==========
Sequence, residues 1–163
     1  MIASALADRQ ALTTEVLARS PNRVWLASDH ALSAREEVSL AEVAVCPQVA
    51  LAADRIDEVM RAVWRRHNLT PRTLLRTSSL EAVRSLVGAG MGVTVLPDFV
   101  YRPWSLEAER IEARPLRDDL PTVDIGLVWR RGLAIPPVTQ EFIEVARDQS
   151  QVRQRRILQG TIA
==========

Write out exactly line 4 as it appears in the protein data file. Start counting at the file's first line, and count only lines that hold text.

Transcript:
   101  YRPWSLEAER IEARPLRDDL PTVDIGLVWR RGLAIPPVTQ EFIEVARDQS